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Retroactive Application Of California’s New Pension Limitations

Responding to problems with underfunding of pension systems, the California Legislature passed the California Public Employees’ Pension Reform Act. The Act, which was effective January 1, 2013, limited the defined benefit formulas available to new members of public safety retirement plans. There are various options available under the Act, but the maximum benefit possible is 2.0% at age 50, 2.5% at age 55, and 2.7% at age 57. The…

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In Absence Of Binding Promise, No Protection For Post-Retirement Insurance

In December 1974, the Douglas County, Nebraska Board of Commissioners passed a resolution which allowed employees of the County who retired between the ages of 55 and 65 to participate in the County’s health insurance plan until attaining age 65. The resolution did not specify the amount of premiums to be charged annually or promise that the amount would be the same as that charged to active employees. Since…

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No Constitutional Ban On Raising Pension Contributions For Firefighters

Since 1939, the City of Gadsden, Alabama has provided its firefighters with a pension program as part of their compensation. Firefighters initially belonged to a local program, the Policemen’s and Firemen’s Retirement Fund (PFRF). In 2002, concerns about the PFRF’s solvency led Gadsden to negotiate a new arrangement with these employees: the City, it was agreed, would terminate the local fund and move all of its assets, liabilities, and…

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Legally Separated Spouse Entitled To Insurance Benefits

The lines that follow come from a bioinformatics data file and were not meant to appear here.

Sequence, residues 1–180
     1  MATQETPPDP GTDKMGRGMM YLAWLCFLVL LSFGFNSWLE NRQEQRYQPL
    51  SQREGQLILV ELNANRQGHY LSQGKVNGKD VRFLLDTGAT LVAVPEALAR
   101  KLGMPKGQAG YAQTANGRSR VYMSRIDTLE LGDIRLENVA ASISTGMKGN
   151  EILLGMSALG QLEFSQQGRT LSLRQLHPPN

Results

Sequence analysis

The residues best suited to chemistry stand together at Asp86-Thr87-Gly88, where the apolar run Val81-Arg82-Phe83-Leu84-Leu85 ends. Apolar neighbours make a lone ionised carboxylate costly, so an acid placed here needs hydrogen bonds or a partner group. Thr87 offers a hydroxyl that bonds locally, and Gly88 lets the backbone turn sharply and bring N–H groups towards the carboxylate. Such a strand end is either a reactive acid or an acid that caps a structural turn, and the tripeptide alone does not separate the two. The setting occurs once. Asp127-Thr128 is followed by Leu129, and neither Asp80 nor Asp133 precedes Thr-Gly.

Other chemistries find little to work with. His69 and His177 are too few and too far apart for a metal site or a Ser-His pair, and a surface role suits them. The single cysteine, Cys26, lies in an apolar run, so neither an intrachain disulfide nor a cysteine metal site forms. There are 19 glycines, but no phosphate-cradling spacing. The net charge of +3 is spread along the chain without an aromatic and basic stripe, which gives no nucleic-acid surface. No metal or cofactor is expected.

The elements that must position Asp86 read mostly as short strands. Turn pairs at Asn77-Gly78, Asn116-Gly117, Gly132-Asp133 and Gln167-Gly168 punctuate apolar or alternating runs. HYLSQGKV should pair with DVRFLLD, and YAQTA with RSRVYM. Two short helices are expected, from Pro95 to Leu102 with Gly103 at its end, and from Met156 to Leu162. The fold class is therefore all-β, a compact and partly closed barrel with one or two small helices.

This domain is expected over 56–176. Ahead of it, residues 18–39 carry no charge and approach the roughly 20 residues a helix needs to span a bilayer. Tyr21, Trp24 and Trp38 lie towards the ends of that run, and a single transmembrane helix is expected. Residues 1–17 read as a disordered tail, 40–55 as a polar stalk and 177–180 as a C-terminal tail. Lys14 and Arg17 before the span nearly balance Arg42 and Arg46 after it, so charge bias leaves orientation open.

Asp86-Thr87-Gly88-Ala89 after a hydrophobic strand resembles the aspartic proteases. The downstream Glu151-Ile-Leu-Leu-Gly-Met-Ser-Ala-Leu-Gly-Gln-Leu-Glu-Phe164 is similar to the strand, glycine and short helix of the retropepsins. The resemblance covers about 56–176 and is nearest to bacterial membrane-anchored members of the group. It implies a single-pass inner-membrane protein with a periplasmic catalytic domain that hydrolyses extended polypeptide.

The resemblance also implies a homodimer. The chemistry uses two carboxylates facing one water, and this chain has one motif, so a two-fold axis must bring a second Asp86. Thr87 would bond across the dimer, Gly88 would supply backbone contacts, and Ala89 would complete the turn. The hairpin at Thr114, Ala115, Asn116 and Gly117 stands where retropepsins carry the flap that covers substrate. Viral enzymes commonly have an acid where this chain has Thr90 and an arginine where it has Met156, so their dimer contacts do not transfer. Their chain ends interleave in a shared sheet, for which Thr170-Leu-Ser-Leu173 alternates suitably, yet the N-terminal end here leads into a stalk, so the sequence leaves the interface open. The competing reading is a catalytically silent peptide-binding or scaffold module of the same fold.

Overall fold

Gregory Malisos retired in 2008 after a 24-year career as a police officer with the Town of Windham, New Hampshire. When he retired, Malisos continued his and his wife’s health insurance coverage through the Town’s participation in the Local Government Center’s Health Trust insurance plan. As part of his retirement, Malisos’s “spouse” was entitled to the medical subsidy “until death or remarriage.” A year after he retired, Malisos and…

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Required Retirement Contributions After Contract Expiration Do Not Violate ‘Contracts Clause’

In 2010, at the suggestion of newly-elected Governor Chris Christie, the New Jersey Legislature enacted a number of reductions to the retirement benefits provided firefighters and law enforcement officers. One of the changes altered the definition of “final compensation” used in calculating retirement benefits for persons who became members of the Police and Fireman’s Retirement System after the law’s effective date. Instead of defining “final compensation” for such new…

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Detroit Pensions Not Protected By Constitution In Bankruptcy

The fallout from the economic collapse in late 2007 continues. The recent filing by the City of Detroit for bankruptcy protection is the largest public sector bankruptcy petition ever filed. Looming in the background was Michigan’s Public Law 436, which granted the City consent to seek bankruptcy protection from pension obligations. At risk were the pensions of every City employee and retiree. Detroit estimated its debt to be $18…

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No Violation To Freeze Pension When Retired Firefighter Elected To City Council

John Loscombe retired from the Scranton, Pennsylvania Fire Department in May 2011, and began receiving a pension check. Later, Loscombe was first appointed and then elected to the Scranton City Council. The City suspended Loscombe’s pension payments on the basis of a City Code provision providing that “when any fireman is pensioned and thereafter enters the service of the City in any capacity with compensation the pension of such…

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How The ‘World Trade Center Presumption’ Works

In the wake of the World Trade Center disaster, the City of New York amended its administrative code to create what is known as the “WTC presumption.” Under the Code, there is a presumption that “any condition or impairment of health caused by a qualifying WTC condition shall be presumptive evidence that it was incurred in the performance and discharge of duty and the natural and proximate result of…